- The first computer safety lesson involves not giving out personal information to web sites or individuals online. Most kids would not find it unusual, especially if they think they are communicating with a peer online, to divulge their full name, their birthday, where they go to school, where they live, if they are going with friends to the mall, the names of their siblings and pets, even where they go to church or whether their parents work days or nights.
Safe and Unsafe Websites
- Another important computer safety lesson must stress appropriate websites and their opposites. This can be tricky. Even a website such as eBay, which should be safe for general searching, could quickly become unsafe if there are books, movies, or products young people should not be seeing. Anything that contains bad language, questionable images or something suspicious should be brought to the attention of an adult. Computer safety lessons should contain reassurances to children that they will not get in trouble if they bring an unsafe website to an adult's attention.
- A good safety lesson about chat rooms involves thinking of them as going to a masquerade party, where everyone is wearing masks. No one is showing his true identity and no one has told you how to recognize her mask, so anyone could be safe or unsafe. Children should not reveal their real identities, either, nor should they use their city, street or school in their screen names.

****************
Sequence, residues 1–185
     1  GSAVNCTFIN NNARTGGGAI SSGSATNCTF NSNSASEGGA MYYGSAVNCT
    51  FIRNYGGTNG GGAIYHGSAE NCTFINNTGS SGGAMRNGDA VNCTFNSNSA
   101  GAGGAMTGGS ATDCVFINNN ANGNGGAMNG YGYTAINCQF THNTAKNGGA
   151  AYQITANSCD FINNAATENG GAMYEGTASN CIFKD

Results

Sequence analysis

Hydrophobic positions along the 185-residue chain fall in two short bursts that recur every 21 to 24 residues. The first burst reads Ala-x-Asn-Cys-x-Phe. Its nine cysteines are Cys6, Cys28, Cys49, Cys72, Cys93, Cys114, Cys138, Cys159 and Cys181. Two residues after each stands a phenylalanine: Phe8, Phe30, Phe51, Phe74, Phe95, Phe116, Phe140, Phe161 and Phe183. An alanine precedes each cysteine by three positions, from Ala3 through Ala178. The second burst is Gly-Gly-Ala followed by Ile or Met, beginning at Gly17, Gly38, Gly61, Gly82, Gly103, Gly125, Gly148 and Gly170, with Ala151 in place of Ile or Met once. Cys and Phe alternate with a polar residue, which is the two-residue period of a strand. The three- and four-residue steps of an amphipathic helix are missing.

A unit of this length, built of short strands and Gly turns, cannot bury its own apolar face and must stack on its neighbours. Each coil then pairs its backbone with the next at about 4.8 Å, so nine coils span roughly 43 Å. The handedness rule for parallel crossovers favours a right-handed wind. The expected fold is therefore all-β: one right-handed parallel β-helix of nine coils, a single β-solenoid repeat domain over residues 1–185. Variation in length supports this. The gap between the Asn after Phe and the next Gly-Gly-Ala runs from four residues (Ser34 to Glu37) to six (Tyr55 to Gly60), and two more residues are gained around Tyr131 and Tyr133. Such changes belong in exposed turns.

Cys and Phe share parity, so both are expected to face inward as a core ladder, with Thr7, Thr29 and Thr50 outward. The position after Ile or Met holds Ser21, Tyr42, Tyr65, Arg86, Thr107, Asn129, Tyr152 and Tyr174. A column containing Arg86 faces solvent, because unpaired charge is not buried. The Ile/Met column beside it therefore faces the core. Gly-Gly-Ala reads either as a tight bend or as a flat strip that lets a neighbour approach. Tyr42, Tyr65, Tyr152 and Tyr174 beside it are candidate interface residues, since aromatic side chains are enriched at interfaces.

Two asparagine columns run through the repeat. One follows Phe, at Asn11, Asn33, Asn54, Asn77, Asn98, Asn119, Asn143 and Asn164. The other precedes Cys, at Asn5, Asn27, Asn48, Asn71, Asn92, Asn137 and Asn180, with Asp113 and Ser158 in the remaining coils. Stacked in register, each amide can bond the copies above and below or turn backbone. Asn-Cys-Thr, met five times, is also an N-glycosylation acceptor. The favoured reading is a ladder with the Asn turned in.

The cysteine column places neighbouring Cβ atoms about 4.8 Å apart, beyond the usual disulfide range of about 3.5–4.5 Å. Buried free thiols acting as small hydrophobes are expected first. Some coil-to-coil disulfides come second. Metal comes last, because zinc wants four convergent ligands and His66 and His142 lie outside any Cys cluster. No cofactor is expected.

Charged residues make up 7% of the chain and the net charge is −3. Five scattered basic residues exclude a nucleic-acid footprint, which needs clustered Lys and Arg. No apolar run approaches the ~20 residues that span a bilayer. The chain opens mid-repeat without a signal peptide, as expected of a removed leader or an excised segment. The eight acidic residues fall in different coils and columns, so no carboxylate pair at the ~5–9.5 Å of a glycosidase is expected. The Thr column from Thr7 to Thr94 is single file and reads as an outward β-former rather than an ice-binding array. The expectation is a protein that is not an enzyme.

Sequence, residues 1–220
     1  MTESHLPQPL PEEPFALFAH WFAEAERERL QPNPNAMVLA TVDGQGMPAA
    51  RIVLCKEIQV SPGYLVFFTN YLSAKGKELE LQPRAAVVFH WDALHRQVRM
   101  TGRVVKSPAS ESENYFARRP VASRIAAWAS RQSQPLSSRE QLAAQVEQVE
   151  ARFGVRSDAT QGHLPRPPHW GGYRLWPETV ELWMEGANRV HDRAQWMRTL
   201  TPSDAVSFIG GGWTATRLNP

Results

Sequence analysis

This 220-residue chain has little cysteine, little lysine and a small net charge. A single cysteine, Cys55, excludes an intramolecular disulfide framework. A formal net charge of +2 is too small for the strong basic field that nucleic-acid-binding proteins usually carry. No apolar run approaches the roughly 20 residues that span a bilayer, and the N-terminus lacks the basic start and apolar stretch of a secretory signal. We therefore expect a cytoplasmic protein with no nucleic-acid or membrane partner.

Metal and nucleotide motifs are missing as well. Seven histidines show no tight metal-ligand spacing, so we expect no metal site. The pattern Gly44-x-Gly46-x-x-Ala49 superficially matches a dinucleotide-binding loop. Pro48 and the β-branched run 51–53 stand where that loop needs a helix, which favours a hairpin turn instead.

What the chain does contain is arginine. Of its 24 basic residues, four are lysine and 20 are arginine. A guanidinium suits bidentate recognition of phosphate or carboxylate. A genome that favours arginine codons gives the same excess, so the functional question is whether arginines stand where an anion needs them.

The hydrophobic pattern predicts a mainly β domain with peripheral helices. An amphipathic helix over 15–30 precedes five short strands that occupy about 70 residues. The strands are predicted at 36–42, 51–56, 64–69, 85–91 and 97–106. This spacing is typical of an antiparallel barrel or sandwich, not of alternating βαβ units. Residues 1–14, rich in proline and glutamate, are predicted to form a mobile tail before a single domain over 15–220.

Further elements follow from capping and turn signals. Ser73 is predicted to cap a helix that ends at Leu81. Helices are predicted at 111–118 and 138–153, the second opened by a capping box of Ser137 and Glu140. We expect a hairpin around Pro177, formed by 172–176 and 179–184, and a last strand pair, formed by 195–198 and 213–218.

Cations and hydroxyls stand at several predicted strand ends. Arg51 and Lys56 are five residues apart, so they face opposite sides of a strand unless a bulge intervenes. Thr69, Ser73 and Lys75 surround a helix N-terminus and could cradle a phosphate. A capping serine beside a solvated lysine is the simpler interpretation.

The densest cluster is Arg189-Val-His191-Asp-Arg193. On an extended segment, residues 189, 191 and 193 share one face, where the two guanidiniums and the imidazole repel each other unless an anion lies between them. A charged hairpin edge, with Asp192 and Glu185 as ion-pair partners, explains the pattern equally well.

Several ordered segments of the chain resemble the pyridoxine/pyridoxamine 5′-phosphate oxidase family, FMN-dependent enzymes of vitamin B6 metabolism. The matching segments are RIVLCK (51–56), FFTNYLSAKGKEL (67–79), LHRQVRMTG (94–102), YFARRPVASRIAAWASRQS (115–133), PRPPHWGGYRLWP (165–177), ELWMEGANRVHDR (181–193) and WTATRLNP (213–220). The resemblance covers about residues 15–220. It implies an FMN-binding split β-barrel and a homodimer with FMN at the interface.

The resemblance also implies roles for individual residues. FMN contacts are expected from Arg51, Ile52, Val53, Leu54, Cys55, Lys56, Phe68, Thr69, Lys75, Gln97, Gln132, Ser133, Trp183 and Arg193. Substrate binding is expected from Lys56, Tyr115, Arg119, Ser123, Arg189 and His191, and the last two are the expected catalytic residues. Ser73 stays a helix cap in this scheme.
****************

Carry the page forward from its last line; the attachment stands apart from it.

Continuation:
- Teach these lessons in "big block letters": Don't store passwords anywhere on the Internet, and don't type your password unless you are signing into a site that you know and trust. Don't open files attached to emails from unknown sources. Don't post a photo or send a picture of yourself to someone's cell phone or email. Don't describe yourself to someone so that you could be recognized. Don't describe any vehicles in your family or tell the route you take by walking or biking home from school. Above all, do not make a plan to meet alone with someone you "met" on the Internet. Take a parent with you. Carry a whistle to blow if anyone tries to get you into a vehicle or any situation against your will.